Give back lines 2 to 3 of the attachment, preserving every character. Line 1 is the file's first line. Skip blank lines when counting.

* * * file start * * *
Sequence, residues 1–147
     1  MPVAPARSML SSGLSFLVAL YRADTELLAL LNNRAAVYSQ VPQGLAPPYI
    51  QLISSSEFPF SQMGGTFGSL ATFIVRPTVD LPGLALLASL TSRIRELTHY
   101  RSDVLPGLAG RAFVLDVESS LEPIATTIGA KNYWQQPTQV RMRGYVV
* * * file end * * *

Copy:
     1  MPVAPARSML SSGLSFLVAL YRADTELLAL LNNRAAVYSQ VPQGLAPPYI
    51  QLISSSEFPF SQMGGTFGSL ATFIVRPTVD LPGLALLASL TSRIRELTHY